US Coins

George V gold pattern crown realizes $219,364 U.S. in auction

Press release from Dix Noonan Webb:

One of only two known specimens of the 1910 George V pattern crown in gold designed by A.G. Wyon topped Dix Noonan Webb’s auction of coins, tokens and historical medals on Feb. 11, 2015, when it fetched £144,000 ($219,364 U.S.) including buyer’s commission (£120,000 hammer price). 

The other highlight of the sale was a group of 20th century Royal Mint Proof-record coins formerly in the Melbourne Mint Museum in Australia, which sold for a total of £213,732 (£178,110 hammer prices). Overall the auction made £635,436 (£529,530 hammer prices) with only 31 of the 709 lots remaining unsold. There were 220 successful buyers.

The Wyon rarity was produced following the death of the British King Edward VII in May 1910. Plans for new coins bearing the portrait of his successor George V were put into place long before the latter was formally crowned at Westminster Abbey in London in June the following year. A number of designs were submitted to the authorities for approval, one of which was by A.G. Wyon, a member of a dynasty of designers and engravers which had played an important role in British public life for more than a century. Wyon’s design had the bare head of the new king facing left on the obverse while the reverse depicted St. George on horseback spearing a dragon, with the date below this image.

Despite his illustrious family pedigree, Wyon’s design was not chosen so his Proof crown in gold bearing the date 1910 – the year before George officially became king – became a numismatic rarity rather than standard currency.

Only two examples are known and the coin auctioned at Dix Noonan Webb is in virtually Mint State. It has been in a number of important collections over the past century.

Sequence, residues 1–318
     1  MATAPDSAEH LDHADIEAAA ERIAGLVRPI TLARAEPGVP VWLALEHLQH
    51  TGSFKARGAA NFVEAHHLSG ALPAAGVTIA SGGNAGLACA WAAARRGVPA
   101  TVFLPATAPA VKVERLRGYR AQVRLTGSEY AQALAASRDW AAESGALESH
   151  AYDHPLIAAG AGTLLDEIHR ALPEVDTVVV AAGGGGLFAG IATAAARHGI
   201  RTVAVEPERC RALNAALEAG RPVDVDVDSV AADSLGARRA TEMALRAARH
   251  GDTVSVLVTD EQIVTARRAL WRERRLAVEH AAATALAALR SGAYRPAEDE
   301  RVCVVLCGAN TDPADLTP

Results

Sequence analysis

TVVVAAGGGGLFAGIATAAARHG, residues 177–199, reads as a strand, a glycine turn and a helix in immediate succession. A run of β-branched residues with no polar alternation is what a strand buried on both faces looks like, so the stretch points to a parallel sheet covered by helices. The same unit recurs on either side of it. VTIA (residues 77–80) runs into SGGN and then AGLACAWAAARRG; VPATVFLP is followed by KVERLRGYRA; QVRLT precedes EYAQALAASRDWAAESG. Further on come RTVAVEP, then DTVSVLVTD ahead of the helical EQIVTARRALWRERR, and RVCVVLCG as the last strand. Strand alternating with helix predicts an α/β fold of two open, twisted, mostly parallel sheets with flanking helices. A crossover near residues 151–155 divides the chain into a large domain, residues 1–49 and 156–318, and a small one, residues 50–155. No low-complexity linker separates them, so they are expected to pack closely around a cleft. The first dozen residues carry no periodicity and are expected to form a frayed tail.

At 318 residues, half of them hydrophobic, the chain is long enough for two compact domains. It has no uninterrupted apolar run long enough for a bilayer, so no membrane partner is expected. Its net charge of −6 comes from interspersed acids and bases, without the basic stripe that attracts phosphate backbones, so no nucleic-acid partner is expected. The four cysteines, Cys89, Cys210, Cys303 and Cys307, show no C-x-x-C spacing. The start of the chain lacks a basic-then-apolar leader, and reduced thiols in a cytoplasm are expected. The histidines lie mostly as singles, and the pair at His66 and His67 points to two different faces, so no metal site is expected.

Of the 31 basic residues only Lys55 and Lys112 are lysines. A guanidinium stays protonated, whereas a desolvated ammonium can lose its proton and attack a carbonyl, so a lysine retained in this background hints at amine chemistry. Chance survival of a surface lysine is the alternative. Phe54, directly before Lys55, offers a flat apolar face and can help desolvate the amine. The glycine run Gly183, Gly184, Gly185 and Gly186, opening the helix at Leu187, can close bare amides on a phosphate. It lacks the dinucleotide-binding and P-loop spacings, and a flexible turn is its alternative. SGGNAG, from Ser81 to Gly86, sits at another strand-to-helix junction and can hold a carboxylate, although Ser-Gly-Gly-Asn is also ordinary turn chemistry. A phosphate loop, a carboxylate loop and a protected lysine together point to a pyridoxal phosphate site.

“There has been considerable interest in this”, said auctioneer Christopher Webb, head of the coins department at DNW, before the coin swiftly exceeded its £80,000 to £100,000 estimate.

The 86 lots of Proof-record coins formerly in the Melbourne Mint Museum formed an exceptional offering of uniformly high third-party graded coins, the like of which will not be repeated as holdings of this size and scope are now exclusively retained by institutions. Proof-record coins were always struck in tiny quantities and were intended for distribution to certain national collections for display and exhibition and for presentation to potential customers. Without exception, Proof-record coins are very rare and these lots were surplus sets from the Melbourne Mint Collection. They were originally offered for sale in two tranches in 1988 and 2009.

The highest price for one of these ex-Melbourne Mint lots at Dix Noonan Webb was £15,600 ($23,764 U.S), including buyer's fee, for a Greek Republic 1930 Proof set comprising 20, 10 and 5 drachmai which had been despatched from the Royal Mint in London to Melbourne in 1931. A 1929 Saudi Arabian Proof set consisting of riyal, half- and quarter-riyal, ghirsh, and half- and quarter-ghirsh sold for £12,000 (£10,000 hammer).

Another good performance came from a very rare Charles I Shrewsbury halfcrown dating from 1642. Depicting the Shrewsbury horseman, the coin, on a slightly irregular planchet as usual but otherwise in good very fine condition, was estimated at £6,000 to £8,000. It sold for £10,800 (£9,000 hammer price). 

Dix Noonan Webb Ltd. is one of the world’s leading specialist auctioneers and valuers of coins, tokens, medals, militaria and paper money of all types. Established in 1990, the company boasts over 250 years of combined experience in this field and stages regular auctions throughout the year. 

To learn about Dix Noonan Webb, visit its website.

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